With an experience of suffering that would have well served a better cause, this picked detachment of the United States army made its way to the Green River country; and there, counting well the cost of proceeding farther, went into camp at Fort Bridger. Many of the troops had almost perished in the storms, for it was late in November, and the winter had closed in early. Colonel Cooke reported to the commandant that half his horses had perished through cold and lack of food; hundreds of beef cattle had died; yet the region was so wild and forbidding that scarcely a wolf ventured there to glut itself upon the carcasses. In Cooke's own words we read that for thirty miles the road was blocked with carcasses--and "with abandoned and shattered property, they mark, perhaps beyond example in history, the steps of an advancing army with the horrors of a disastrous retreat."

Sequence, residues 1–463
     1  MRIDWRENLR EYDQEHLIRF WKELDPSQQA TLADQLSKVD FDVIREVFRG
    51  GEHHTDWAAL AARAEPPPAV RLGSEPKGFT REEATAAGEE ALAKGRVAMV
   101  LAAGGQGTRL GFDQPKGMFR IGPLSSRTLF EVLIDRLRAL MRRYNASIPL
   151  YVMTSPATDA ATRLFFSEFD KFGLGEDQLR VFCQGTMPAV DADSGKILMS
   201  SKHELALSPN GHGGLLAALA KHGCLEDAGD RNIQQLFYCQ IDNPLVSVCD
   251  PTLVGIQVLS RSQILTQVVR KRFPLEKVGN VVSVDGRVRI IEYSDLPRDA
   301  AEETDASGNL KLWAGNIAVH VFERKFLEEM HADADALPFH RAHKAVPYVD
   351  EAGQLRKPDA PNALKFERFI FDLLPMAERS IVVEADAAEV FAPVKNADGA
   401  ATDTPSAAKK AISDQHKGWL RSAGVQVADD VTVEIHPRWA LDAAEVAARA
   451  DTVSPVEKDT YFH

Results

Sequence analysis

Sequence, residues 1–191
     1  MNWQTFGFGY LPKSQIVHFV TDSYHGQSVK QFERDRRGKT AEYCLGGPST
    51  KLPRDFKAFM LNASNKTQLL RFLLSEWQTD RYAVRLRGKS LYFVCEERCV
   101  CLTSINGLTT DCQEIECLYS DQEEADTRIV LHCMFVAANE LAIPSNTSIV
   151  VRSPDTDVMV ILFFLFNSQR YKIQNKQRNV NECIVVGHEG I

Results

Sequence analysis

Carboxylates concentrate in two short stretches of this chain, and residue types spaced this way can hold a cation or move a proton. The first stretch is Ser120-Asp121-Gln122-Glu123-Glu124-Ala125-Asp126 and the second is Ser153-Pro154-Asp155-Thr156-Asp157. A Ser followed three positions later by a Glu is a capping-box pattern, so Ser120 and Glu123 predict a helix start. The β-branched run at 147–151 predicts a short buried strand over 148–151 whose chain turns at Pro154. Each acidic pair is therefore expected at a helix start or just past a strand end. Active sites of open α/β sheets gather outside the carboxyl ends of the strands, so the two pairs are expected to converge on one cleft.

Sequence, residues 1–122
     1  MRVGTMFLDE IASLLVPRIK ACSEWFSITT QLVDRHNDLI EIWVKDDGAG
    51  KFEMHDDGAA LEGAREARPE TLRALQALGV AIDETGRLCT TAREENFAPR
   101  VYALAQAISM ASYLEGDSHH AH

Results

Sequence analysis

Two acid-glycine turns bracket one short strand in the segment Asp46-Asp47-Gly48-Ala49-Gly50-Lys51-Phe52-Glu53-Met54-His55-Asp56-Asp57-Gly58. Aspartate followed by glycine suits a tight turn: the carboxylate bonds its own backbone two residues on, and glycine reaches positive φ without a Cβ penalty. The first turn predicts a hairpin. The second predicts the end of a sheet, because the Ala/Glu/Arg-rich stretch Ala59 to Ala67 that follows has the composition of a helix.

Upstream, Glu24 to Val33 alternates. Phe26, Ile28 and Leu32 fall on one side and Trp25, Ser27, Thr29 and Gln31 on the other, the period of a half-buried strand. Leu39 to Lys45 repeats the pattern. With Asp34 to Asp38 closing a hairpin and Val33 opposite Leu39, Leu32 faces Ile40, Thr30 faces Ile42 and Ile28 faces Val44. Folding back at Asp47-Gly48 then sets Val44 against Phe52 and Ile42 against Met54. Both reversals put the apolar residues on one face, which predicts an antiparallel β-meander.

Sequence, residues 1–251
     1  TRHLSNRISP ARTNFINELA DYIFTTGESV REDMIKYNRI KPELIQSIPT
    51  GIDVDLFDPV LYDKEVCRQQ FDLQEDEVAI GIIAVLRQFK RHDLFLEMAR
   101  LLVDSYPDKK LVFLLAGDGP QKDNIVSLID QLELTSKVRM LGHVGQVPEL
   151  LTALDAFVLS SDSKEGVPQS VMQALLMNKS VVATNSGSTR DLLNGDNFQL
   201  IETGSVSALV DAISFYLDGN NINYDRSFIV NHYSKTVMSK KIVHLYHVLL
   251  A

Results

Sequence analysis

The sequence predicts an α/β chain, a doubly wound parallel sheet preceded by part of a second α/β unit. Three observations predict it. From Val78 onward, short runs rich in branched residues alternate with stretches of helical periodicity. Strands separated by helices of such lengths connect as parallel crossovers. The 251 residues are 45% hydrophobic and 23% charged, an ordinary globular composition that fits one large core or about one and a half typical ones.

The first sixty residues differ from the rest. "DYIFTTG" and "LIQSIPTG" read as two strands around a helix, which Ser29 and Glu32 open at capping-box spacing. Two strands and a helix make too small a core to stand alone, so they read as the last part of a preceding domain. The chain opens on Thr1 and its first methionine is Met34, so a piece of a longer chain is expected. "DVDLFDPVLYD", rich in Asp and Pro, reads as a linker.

With the army traveled the new federal appointees to offices in the territory. Cumming, the governor-to-be, issued a proclamation from his dug-out lodgings, and sent it to Salt Lake City by courier; he signed it as "Governor of Utah Territory." This but belittled him, for by the very terms of the Organic Act, to uphold which was the professed purpose of his coming, he was not governor until the oath of office had been duly administered and subscribed. A few days later he went before his fellow-sufferer Eckles, the appointee for chief justice of Utah, and took an oath; but why did he swear so recklessly when the one before whom he swore was no more an official than himself?